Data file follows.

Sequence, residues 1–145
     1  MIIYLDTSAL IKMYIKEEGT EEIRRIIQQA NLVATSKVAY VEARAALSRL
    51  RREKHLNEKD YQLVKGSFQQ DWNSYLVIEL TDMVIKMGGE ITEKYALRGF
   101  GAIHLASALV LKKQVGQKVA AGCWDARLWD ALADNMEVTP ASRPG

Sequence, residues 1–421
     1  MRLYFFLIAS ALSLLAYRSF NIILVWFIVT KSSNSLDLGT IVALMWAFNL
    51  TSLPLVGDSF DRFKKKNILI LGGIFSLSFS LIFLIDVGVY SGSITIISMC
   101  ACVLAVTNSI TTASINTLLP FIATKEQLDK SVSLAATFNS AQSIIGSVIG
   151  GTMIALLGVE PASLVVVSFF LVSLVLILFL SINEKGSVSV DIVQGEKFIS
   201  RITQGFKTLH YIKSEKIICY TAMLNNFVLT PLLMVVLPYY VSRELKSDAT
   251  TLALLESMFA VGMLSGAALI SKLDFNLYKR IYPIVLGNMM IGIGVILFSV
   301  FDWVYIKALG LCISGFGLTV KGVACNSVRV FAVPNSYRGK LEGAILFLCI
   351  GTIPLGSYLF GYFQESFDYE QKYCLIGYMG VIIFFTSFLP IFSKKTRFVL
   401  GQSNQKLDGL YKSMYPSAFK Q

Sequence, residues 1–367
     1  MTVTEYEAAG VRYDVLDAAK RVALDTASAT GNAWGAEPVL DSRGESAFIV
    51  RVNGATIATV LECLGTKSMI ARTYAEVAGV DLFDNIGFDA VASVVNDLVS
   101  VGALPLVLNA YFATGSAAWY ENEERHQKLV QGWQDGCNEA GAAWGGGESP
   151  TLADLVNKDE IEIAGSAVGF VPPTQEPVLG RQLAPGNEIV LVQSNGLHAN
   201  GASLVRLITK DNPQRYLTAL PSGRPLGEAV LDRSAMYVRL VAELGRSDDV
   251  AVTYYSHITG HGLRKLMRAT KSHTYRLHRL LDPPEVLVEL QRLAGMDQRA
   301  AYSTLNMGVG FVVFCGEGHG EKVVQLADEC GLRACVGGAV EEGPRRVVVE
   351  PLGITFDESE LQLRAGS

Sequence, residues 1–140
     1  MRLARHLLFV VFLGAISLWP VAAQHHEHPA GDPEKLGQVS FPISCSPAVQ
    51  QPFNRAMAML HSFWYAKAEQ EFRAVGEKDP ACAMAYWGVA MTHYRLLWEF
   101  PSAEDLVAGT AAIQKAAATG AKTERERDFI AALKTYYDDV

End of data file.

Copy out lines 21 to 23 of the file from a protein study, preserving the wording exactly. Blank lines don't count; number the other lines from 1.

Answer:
   251  AVTYYSHITG HGLRKLMRAT KSHTYRLHRL LDPPEVLVEL QRLAGMDQRA
   301  AYSTLNMGVG FVVFCGEGHG EKVVQLADEC GLRACVGGAV EEGPRRVVVE
   351  PLGITFDESE LQLRAGS